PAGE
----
Updated: Saturday, 25th May 2019 @ 8:13am

Review: Glengarry Glen Ross @ Opera House, Manchester

Review: Glengarry Glen Ross @ Opera House, Manchester

| By Philip K. Marzouk

David Mamet’s most famous work Glengarry Glen Ross is at Manchester’s Opera House from director Sam Yates and starring EastEnders’ Nigel Harman and Waterloo Road’s Mark Benton.

In the age of Trump and the Weinstein scandal, the critique offered by the exploits of the real estate salesmen at Glengarry could have been a sharp skewering of toxic masculinity and putting profit before people. However behind the outstanding set design, some good performances and an overall entertaining experience, this production plays it too safe.

Nowhere is this more evident than in Harman’s portrayal of Ricky Roma: a smarmy, slick, expert salesman due to his dispassionate approach. When Roma first meets James Lingk, his latest sap to be conned played by James Steddon, this is an opportunity for the actor portraying Roma to make their stamp. Harman doesn’t hit the mark.

The scene acts as a trial by fire for the actor as Roma blindsides Lingk with Mamet’s inimitable, sharp, fast-talking dialogue that pushes the character into buying a property that he ought not to.

For Lingk to get drawn in he, like us the audience, has to believe that Roma is not reciting from a script. Roma’s character only works when his obfuscations seem genuine and off the cuff but, to use Roma’s vernacular, you can smell the bullshit.

Harman also pushes too hard later in the show in Roma’s infamous “where did you learn your trade” scene. Harman is clearly playing this as a moment of great machismo but Roma is reduced to calling John Williamson, another highlight of a performance from Scott Sparrow, to childish names because of a mistake.

In the current context, the scene could have easily been played for laughs, rather than as a moment where Roma is the embodiment of toxic, masculine aggression. There is irony in the names he calls Williamson which is lost in this portrayal of Roma; he is a child throwing his toys out of the pram.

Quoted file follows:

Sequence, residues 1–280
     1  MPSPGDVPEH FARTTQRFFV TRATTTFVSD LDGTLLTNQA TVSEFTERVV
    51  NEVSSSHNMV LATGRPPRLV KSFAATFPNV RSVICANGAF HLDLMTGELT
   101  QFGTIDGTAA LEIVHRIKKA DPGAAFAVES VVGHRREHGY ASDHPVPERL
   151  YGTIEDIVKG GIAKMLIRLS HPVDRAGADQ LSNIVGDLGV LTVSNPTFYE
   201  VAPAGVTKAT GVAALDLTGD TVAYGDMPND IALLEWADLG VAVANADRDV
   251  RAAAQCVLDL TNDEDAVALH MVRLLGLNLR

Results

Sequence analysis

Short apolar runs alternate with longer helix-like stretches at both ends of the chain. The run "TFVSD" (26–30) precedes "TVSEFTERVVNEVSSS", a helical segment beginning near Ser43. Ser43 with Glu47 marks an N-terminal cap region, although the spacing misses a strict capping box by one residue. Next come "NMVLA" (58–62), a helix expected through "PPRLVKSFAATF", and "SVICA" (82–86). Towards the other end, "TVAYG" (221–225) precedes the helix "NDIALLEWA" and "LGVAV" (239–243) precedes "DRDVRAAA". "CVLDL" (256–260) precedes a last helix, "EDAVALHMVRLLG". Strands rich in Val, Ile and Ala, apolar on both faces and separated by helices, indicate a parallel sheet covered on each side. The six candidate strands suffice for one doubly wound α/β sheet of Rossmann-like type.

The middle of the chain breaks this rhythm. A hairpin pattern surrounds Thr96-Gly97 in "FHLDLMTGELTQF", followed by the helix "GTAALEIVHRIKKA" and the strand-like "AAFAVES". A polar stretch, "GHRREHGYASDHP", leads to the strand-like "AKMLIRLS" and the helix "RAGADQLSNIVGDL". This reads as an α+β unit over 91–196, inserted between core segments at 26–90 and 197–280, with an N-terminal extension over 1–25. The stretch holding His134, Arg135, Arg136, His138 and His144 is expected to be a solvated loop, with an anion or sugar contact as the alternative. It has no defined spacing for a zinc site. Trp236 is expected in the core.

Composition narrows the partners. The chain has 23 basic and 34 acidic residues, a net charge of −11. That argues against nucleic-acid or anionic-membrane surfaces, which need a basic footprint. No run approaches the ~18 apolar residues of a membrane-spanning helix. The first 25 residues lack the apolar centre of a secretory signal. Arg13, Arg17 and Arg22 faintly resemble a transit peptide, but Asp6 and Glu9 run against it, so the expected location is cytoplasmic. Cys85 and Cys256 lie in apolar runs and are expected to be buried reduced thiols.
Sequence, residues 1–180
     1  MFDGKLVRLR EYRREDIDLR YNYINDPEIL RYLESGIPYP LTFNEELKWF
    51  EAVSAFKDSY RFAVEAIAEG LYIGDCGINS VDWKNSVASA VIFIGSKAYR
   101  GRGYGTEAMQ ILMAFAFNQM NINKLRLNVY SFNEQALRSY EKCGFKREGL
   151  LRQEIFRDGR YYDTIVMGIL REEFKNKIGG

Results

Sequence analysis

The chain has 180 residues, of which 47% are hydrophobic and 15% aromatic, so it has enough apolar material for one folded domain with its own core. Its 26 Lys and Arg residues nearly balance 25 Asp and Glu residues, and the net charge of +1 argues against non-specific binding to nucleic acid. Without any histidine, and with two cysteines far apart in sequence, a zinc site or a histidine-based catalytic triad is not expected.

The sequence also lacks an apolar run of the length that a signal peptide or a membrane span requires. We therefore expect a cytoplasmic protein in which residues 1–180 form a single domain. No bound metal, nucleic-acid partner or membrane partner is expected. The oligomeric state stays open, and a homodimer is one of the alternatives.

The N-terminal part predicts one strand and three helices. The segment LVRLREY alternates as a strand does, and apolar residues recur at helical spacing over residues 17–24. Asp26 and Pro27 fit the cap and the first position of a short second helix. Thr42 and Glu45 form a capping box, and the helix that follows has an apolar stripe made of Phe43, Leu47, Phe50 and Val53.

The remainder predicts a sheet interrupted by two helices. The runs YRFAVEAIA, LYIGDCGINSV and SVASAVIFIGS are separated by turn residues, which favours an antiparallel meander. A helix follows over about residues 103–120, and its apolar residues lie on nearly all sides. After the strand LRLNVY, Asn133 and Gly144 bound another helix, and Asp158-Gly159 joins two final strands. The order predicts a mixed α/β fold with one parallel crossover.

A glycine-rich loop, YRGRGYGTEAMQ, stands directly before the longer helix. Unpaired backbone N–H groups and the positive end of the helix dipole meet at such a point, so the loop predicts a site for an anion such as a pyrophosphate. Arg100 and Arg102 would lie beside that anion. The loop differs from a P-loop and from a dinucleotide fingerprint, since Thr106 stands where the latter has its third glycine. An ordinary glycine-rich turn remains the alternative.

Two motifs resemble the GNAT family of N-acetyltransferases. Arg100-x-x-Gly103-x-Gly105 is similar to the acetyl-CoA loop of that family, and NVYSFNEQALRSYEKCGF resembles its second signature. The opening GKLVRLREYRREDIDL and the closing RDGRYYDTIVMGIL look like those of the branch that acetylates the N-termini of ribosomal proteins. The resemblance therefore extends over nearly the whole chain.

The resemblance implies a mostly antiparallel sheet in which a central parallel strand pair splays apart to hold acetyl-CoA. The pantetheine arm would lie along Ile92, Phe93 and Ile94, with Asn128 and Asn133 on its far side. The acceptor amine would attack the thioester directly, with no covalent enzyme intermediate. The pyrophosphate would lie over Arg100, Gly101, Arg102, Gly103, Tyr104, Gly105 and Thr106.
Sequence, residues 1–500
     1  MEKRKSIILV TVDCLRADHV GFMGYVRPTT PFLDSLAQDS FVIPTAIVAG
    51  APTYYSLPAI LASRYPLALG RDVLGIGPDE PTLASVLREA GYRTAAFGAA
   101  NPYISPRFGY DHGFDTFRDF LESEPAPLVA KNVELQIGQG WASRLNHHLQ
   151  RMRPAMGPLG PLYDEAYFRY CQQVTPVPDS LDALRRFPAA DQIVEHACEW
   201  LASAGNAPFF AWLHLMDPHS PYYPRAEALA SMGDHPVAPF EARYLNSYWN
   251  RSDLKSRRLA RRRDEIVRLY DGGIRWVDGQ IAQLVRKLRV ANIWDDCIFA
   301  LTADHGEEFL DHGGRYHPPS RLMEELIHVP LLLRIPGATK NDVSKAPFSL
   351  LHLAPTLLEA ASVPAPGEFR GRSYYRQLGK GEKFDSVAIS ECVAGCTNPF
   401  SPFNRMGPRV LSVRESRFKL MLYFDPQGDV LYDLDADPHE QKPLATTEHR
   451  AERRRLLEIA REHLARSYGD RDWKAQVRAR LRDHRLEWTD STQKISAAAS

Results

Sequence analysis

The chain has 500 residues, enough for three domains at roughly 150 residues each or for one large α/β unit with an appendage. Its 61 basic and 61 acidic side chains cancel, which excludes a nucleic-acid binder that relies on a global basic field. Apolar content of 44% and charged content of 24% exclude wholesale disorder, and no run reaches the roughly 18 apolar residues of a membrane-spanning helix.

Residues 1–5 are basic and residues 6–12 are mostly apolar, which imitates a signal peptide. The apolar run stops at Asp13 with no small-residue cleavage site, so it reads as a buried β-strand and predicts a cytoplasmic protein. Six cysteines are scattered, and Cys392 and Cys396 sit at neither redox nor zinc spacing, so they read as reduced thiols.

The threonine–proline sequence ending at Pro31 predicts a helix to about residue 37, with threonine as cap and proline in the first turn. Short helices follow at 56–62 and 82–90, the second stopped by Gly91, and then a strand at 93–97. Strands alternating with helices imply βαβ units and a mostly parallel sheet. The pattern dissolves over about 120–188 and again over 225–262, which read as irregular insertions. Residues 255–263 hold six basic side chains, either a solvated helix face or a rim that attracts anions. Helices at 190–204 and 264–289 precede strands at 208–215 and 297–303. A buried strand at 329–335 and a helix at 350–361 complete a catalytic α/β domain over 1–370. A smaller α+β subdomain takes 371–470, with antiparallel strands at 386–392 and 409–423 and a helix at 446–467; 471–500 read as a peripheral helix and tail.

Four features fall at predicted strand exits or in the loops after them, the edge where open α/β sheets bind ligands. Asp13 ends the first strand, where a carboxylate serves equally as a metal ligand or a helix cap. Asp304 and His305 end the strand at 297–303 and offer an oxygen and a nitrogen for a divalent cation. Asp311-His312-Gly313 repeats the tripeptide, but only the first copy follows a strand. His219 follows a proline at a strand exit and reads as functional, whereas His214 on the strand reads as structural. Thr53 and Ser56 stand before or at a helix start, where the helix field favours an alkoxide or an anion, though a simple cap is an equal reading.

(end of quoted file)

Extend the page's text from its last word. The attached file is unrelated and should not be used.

There are also issues born out of the age of the play. Written in 1983, the pages are rife with outdated sentiments. Rather than use these moments as an example of how unscrupulous the characters of the show are, Yates and the cast decide to play them for laughs. There are multiple times where cheap laughs are capitalised on rather than trusting the wittier, more timeless parts of the script.

Denis Conway, portrayed by Dave Moss, is the first to fall foul of this even though his overall performance was a highlight of the show. There’re jokes within the show about a notorious couple, the Patels, who “just like talking to salesman”.

Whilst criticising not only the Patels but all Indian people for this trait, Conway puts on a broad and bad Indian accent. With a turn to the audience, it’s clear this wasn’t meant to be played as an illustration of Moss’ poor character but as a way to get a cheap laugh from the crowd. In fairness to Yates, he knows his audience, because it worked.

A central part of Moss’ character is that he is willing to do anything to ensure his financial security and has allegiance to nothing other than this; this was a stark missed opportunity that summed up issues with this production.

Benton’s portrayal of down on his luck, former sales dynamo Shelley Levene falls into some of the same directorial pitfalls. Benton does well with the character, playing him with an ample amount of desperation but without the requisite pathos. You find yourself feeling less sympathy for him when he ultimately succumbs to a desperate decision.

There’s a moment again where the issues in the production come to the fore. During a monologue about his latest big sale, Benton looks out into the crowd for a sleazy nod and a wink during a monologue. This felt contextually out of place but the audience seemed to love it. This perfectly captured Yates approach to directing this production: he knows his audience better than the nuances of the material.

That being said, the production still had some remarkable merits. Chiara Stephenson’s set design was outstanding with the set morphing from Act 1’s elaborate Chinese restaurant to Act 2’s dishevelled office. The detail in both sets was truly remarkable and I scarcely understood how they managed to turn it around in the interval.

Alongside this, whilst some of the character choices were off, the performances were all good for what they were trying to portray. Conway as Moss, Sparrow as Williamson and Wil Johnson as Aaronow particularly stood out with Sparrow opening the show alongside Benton with great poise and energy.

David Mamet famously said: “people, in circumstances of stress, can behave like swine and that this indeed is not only a fit subject, but the only subject of drama.” I feel this production missed this point somewhat.

*Glengarry Glen Ross is playing at Opera House, Manchester until Saturday, March 30. You can buy tickets HERE.